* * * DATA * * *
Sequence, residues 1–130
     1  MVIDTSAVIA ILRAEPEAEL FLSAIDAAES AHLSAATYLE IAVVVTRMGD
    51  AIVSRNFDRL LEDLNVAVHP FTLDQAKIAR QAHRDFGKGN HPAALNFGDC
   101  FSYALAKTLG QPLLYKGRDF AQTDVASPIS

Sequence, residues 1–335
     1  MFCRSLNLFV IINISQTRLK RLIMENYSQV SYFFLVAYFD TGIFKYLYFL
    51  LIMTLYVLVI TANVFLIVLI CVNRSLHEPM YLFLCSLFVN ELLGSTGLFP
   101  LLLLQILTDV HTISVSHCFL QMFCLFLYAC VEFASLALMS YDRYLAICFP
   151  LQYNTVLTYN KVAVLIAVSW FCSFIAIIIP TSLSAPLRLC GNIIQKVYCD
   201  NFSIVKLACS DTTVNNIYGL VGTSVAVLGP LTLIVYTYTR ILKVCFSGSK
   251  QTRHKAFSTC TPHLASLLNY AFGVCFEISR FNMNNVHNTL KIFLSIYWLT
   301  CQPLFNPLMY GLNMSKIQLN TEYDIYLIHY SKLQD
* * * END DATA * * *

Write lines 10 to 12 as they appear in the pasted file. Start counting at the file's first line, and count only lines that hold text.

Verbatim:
   201  NFSIVKLACS DTTVNNIYGL VGTSVAVLGP LTLIVYTYTR ILKVCFSGSK
   251  QTRHKAFSTC TPHLASLLNY AFGVCFEISR FNMNNVHNTL KIFLSIYWLT
   301  CQPLFNPLMY GLNMSKIQLN TEYDIYLIHY SKLQD